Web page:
‘Carnation, Lily, Lily, Rose’  by John Singer Sargent, Oil on canvas, 68.5 in × 60.5 in
The title for the above painting by John Singer Sargent ‘Carnation, Lily, Lily, Rose’
is from the song called ‘The Wreath‘ by eighteenth-century operatic composer Joseph Mazzinghi.
The two girls are the daughters of Frederick Barnard an illustrator by profession.
Dolly aged eleven is to our left and Polly aged seven is standing in front of her to our right. Sargent found inspiration to include Chinese lanterns whilst sighting them during an earlier boating expedition on the Thames with American artist Edwin Austin Abbey.
This en plein air technique literally influenced by Monet to John Singer Sargent was completed over countless sessions whilst visiting Broadway, Worcestershire, England – The Cotswolds.
I promise you would find a visit to the Cotswolds oh so very pretty just like these two adorable girls painted herewith. Therewith or herewith – its almost like going back in time.
The house of these very gardens was then owned by yet another friend of Sargent’s – American painter, writer and sculptor Frank Millet. Sadly he died in the sinking of the RMS Titanic in 1912.
A 2016 auction of the beautiful “Poppies – A Study Of Poppies for ‘Carnation, Lily, Lily, Rose'” sold for £6,858,000 USD at Sotheby’s.
The history, its painted subjects, the luminous mastery and intricate technical derivation would make the original ‘Carnation, Lily, Lily, Rose’ a grand prize for any serious Art Collector.
What do you like most yourself about this painting?
The trodden grasses? The girls’ concentrated facial expressions?
Warm Chinese lanterns incandescently glowing amidst arty white lillies?
I particularly love that Barnard’s daughters are thoroughly engaged, individually, in an unspeaking togetherness. A shared purpose to delight each other and themselves equally.
John Singer Sargent gifts us with this painting for the ages.
‘Robert Louis Stevenson and His Wife’ [August 1885] by John Singer Sargent, Oil on canvas, 20 1/2 x 24 1/2 in
Rock and roll baby!
I thought of The Beatles when I first saw the painting ‘Robert Louis Stevenson and His Wife’. Sgt Pepper’s Lonely Hearts Club Band and more specifically George Harrison.
Stylistic lyrical geniuses.
Robert Louis Stevenson is super cool. Sargent captures Robert’s inherent quirkiness, his restlessness of thought. Creatives can, at times, exhibit this characterisation without being aware of their indifferent juxtaposition.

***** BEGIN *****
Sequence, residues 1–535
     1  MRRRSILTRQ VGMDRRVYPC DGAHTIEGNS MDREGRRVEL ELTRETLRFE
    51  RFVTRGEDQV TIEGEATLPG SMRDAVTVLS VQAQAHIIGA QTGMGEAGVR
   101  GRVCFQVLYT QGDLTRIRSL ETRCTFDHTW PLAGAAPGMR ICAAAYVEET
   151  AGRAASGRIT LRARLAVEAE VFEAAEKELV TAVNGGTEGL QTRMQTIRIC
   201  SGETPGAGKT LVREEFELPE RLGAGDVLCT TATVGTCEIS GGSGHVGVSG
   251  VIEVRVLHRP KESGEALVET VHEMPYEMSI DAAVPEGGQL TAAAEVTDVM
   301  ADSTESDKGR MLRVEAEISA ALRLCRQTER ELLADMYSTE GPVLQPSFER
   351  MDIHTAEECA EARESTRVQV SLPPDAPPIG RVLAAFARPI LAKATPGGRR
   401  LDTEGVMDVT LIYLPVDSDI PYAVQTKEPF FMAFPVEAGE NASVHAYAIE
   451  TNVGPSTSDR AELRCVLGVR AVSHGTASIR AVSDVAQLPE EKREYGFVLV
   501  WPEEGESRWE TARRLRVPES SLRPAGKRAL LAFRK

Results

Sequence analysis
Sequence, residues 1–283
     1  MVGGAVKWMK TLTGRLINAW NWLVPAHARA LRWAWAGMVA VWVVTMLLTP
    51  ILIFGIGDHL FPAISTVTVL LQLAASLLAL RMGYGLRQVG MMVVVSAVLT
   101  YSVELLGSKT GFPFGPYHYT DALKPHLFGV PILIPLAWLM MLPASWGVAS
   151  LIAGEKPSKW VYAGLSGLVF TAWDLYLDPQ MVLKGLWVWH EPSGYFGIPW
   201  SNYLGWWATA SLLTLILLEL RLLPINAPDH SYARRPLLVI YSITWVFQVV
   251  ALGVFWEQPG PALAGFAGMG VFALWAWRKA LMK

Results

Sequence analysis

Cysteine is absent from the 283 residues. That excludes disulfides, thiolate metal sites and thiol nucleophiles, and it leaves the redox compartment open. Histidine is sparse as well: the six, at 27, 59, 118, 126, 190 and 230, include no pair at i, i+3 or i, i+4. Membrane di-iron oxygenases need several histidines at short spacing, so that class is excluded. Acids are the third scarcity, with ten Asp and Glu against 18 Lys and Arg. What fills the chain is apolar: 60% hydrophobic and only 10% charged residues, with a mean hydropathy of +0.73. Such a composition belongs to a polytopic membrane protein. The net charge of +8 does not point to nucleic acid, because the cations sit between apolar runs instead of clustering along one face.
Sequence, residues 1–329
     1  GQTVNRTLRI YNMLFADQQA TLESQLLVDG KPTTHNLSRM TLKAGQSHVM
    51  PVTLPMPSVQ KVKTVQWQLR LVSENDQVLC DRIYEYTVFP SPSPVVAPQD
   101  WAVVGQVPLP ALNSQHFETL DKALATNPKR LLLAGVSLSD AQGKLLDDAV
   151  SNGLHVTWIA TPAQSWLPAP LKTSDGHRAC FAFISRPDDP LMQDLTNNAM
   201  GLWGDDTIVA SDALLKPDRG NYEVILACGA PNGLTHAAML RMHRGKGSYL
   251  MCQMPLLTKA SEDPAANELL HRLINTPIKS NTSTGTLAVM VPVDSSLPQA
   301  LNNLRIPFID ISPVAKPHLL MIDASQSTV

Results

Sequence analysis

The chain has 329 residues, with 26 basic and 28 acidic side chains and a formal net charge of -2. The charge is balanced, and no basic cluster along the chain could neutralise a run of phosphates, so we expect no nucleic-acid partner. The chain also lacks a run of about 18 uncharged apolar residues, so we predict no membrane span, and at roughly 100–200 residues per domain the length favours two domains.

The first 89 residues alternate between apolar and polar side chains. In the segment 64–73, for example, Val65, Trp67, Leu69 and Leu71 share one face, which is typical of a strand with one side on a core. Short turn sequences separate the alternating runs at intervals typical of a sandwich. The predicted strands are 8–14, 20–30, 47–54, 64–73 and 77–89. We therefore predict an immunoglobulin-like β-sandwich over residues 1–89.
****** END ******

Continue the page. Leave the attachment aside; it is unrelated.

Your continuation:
Art takes over the mind. It becomes the working of the hands. The pacing of the feet by sheer conscious will.
Interestingly his wife appears almost ghostly and distant in this full-bodied reddened portrait. Stevenson looks as if he wants to ‘get away’ to his writing even as Sargent’s brush strokes are being formed.
The opened door and positioning of our protaganist might seem incidental. However, would you have chosen this composition over all other possible scenic angulations?
We have to say ‘Eureka!’
John Singer Sargent is a true portrait artisan. The Rubens of his generation. Sargent is as accomplished at Impressionist works as he is portrait Realism.
‘The talk of the town’.. Sargent probably knew someone’s ‘ears were burning’.
‘Miss Elsie Palmer’ [1889-90] by John Singer Sargent, Oil on canvas, 75 1/8 x 45 1/8 in
I found the pose of ‘Miss Elsie Palmer’ quaint and disciplined. A pragmatic solution to posing for great lengths of time. Her hair natural and the clothing fabrics a multitude of folding criss-crossing layers.
Miss Elsie Palmer’s eyes look rather mournful here. This is a professional portrait revealing a practically perfect young lady in every way. Modest and likeable. Sargent’s use of light and dark is exemplary as expected. Mood is, as Warhol commented in his own way, where Sargent’s genius shines.
Looking through his vast body of work is hugely pleasurable for any art lover. Blending of interactive foreground and background details. His unique artistic quality incorporated from canvas to canvas.
‘Lawrence Alexander “Peter” Harrison’ [c1905] by John Singer Sargent, Watercolor on paper, 50.16 x 33.02 cm
Immediately above is a relaxed Impressionist portrait of the artist ‘Lawrence Alexander “Peter” Harrison’ by his close friend John Singer Sargent.
Immediately pictured below please take a look at Sargent’s fellow artist Giovanni Boldini‘s (1845 -1931) likewise expert rendition ‘Portrait of the Artist Lawrence Alexander “Peter” Harrison’:
‘Portrait of Lawrence Alexander “Peter” Harrison’  by Giovanni Boldini,
Oil on canvas, 49 5/8 by 39 3/4 in
Boldini’s portrait is regal and dignifying in its own exquisite artistic right.
Whilst Sargent’s portrait clearly demonstrates his extreme skill at Impressionism. The sense of body and movement in both artworks is outstanding. Please remember that Sargent is strongly regarded as the epitome of classical high society portraiture. True it is too.
Yet he is also very brave artistically with his career.
Impressionist works. Perfected landscapes. Architectural masterclasses. Ordinary peoples, time-indefinitely painted during his various travels.
John Singer Sargent – Art at Everything.